Paper Towns

Paper Towns

(M) Starring: Cara Delevingne, Nat Wolff

Coming-of-age films are nothing new, but Hollywood manages to propagate a new batch for each generation. Every once and a while, one stands out from the rest. From Rebel Without a Cause to Say Anything and The Breakfast Club, this genre has provided positive memories and lines that resonate throughout the younger years of many of us. Paper Towns and its author John Green have struck this chord; Green’s story about the high-school journey of Quentin (Nat Wolffand his mysterious neighbour Margo (Cara Delevingneprovides a voice for this generation.

Quentin and Margo are friends throughout their childhood but have grown apart over the years.On a fateful night during their last year of high school, Margo asks Quentin for his help on a mission of revenge against friends who have done her wrong. The midnight escapade becomes a life-changing event for Quentin. He begins again to pine for Margo, who disappears suddenly and mysteriously. Family and friends want to know where she is and the mystery deepens as Quentin finds clues that Margo left behind. To find this teenage runaway, Quentin recruits his band of friends. Throughout their road-trip-of-a-lifetime, Quentin finds out more about himself, his relationships with his friends and what to do with his misplaced love for the mysterious Margo.

During the opening sequences of Paper Townsit feels like it’s going to follow the predictable coming-of-age narrative: Boy meets girl, girl lives across the street, girl lives an adventurous life and boy pines after her from a distance. Quickly, director Jake Schreier (Robot & Frank) pulls the story out of the hormonal malaise and into the kaleidoscope of different expectations. His lead characters provide an unexpected depth, and Wolff and Delevingne have been perfectly cast in this teen mystery. Wolff proves to have a John Cusack (Say Anything) quality that makes him appealing as the average boy that proves cool in the end, while Delevingne provides enough smouldering excitement to make her worth this young man’s pursuit.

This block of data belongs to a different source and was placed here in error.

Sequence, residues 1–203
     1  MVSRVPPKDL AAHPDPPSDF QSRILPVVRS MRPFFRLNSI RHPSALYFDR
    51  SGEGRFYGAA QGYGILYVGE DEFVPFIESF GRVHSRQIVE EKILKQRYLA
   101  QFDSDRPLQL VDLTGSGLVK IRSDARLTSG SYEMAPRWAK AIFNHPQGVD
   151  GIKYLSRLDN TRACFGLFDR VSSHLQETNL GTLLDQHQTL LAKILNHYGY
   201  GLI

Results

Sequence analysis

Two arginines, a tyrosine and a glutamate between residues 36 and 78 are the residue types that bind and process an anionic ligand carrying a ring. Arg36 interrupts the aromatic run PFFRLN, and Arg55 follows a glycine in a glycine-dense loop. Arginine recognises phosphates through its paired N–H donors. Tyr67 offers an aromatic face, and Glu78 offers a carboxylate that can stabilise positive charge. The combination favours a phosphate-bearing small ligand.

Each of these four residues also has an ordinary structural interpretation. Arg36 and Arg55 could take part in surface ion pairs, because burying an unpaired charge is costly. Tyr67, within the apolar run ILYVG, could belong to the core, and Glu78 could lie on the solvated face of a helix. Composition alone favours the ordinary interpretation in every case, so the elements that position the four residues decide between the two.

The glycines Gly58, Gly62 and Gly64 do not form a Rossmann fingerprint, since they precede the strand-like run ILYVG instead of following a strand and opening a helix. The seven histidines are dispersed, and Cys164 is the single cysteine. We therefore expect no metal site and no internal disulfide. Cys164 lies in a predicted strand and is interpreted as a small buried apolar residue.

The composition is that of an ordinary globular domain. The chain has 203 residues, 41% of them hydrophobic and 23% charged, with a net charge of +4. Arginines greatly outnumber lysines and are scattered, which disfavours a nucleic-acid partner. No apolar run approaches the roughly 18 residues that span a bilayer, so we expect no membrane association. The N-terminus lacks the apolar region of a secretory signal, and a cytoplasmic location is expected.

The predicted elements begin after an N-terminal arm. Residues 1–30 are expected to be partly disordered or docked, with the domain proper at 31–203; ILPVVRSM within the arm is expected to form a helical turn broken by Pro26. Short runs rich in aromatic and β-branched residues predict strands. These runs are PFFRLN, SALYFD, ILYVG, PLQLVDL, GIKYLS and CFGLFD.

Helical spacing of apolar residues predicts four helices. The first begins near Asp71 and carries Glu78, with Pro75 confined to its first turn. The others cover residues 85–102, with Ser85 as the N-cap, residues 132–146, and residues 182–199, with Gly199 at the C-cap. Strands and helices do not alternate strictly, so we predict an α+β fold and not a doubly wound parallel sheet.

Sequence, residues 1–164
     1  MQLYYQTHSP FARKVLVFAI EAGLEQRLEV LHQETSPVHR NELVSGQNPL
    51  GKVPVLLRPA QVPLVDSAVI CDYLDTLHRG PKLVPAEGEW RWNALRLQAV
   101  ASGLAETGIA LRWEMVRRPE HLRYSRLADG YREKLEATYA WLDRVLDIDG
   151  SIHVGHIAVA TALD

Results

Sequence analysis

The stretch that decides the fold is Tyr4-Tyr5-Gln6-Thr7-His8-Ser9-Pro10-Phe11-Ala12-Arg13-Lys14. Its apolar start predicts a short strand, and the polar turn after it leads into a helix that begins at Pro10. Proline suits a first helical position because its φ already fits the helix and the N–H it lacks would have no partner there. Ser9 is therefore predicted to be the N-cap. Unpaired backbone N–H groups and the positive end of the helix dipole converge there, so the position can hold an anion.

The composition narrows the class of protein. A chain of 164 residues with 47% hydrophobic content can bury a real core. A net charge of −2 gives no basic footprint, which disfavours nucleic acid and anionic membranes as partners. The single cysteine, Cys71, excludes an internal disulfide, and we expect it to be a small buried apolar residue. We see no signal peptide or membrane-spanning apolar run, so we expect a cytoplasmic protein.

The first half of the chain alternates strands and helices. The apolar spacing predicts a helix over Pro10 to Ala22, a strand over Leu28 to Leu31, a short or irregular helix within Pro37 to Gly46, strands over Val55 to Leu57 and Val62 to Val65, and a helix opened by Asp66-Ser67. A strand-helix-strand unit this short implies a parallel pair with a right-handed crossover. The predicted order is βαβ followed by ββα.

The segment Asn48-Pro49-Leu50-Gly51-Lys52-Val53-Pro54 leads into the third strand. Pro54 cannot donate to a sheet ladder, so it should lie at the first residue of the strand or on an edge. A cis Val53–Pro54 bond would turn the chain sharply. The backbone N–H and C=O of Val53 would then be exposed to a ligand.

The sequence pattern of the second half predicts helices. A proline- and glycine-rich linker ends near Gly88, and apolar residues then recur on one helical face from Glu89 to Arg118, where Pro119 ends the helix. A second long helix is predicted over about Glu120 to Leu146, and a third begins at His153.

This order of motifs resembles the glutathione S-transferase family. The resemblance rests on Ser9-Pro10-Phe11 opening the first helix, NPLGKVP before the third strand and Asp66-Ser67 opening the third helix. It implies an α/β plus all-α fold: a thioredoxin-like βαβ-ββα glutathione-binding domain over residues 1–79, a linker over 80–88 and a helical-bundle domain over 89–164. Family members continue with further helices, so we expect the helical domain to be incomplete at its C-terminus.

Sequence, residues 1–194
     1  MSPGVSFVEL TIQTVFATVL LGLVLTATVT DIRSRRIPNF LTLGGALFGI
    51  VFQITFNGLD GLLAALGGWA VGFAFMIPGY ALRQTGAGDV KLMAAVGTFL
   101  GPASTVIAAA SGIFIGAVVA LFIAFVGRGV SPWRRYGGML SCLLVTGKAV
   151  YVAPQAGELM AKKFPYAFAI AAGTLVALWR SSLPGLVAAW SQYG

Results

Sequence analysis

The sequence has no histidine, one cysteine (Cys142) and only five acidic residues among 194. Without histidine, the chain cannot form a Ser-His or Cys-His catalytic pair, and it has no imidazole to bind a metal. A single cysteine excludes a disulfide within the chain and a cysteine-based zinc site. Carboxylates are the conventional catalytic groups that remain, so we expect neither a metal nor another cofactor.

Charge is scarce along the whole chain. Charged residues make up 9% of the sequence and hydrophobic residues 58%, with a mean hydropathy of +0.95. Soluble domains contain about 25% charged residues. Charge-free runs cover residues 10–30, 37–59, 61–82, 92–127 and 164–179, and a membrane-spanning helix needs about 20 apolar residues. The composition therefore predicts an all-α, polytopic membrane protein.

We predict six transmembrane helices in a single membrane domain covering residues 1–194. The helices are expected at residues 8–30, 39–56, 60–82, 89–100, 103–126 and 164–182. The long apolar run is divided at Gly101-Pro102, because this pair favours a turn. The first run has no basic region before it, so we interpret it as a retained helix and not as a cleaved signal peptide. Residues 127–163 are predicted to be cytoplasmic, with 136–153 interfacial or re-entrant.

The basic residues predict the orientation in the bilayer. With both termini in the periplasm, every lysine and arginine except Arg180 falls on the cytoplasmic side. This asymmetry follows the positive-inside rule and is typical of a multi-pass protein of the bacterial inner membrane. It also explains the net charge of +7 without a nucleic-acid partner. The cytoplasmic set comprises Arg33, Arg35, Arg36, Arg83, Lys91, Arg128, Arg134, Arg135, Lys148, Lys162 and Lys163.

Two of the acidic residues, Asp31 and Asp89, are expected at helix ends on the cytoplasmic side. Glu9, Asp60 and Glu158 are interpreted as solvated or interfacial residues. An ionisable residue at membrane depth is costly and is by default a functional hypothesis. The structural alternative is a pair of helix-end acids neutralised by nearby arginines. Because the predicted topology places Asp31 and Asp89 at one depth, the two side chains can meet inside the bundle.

They are surrounded by a wonderful cast of characters that compliment the comedic dialogue and the contemplative moments of the script. This is where the film differentiates itself within this genre. Even within the stereotypical trappings of the party scene, suggested teen sex and proverbial geek trio, the writing lifts the story of the post-pubescent mire. It may seem unrealistic to think that teens could speak at the depth that they do in Paper Towns, but the characters make these lines plausible and accessible.  There is a maturity with a twist of hormonal angst that gives this story the necessary edge it needs. Also, the conclusion adds a unique twist that provides a surprising satisfaction to the adventure.In the realm of teen dramas, Paper Towns offers a new perspective on a generation. But if there are any difficulties with the film, they lie in the lack of parental involvement. Among all the typical American high-school scenarios on display, there’s a gaping hole in the narrative where parents should be. The only people who seem to speak into the lives of these kids are other kids. This might be an insight into the lives of families today or a warning signal for parents to get more involved in the lives of their children. Regardless of the actual message trying to be conveyed, the lack of any adult wisdom leaves a void in an otherwise engaging script. As it stands, though, entertaining Paper Towns does delivers a golden opportunity for parental dialogue with their teens on many of the transitional issues of their lives.

What are the bigger questions to consider from this film?

 1. What is sacrificial love? (John 15:13, Ephesians 5:25)
2. Is life mysterious? (Colossians 2:1-3, Matthew 13:11-13)
3. Does God care about my dreams? (Jeremiah 29:11, Proverbs 16:3)

Russell Matthews works for City Bible Forum Sydney and is a film blogger

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